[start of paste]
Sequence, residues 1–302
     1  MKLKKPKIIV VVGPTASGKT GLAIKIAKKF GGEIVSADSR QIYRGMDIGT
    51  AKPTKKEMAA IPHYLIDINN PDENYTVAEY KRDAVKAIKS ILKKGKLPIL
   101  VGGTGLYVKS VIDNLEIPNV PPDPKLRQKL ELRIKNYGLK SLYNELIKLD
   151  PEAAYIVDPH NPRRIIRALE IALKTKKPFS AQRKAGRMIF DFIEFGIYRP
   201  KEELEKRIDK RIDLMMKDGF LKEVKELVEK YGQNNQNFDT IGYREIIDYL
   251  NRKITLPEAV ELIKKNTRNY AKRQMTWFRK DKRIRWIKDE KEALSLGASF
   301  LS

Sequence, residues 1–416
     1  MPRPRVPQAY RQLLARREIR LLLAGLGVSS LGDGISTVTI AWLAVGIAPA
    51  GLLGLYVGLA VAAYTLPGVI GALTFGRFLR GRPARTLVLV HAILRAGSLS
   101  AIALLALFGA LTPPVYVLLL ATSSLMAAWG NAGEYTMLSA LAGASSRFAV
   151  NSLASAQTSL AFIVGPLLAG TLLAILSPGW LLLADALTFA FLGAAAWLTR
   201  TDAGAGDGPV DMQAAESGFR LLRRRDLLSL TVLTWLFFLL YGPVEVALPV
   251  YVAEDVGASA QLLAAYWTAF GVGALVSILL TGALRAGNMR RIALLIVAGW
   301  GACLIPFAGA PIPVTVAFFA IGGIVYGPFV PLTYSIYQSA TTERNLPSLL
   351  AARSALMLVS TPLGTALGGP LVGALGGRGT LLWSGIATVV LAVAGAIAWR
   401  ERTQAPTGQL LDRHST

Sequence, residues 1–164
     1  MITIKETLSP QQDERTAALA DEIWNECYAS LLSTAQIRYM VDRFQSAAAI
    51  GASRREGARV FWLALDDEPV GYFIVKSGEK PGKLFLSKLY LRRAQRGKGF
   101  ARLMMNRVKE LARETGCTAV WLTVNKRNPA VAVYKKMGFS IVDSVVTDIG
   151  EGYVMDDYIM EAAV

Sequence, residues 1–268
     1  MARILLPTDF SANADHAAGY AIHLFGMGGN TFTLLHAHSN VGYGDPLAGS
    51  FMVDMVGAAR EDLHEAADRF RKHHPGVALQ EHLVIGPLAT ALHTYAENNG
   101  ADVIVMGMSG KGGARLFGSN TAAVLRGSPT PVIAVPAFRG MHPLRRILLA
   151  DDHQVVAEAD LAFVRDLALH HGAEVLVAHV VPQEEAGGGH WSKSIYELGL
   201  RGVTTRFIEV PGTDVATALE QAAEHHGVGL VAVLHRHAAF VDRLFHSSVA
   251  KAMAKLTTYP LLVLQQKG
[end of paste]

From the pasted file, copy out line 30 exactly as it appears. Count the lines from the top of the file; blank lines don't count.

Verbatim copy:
   251  KAMAKLTTYP LLVLQQKG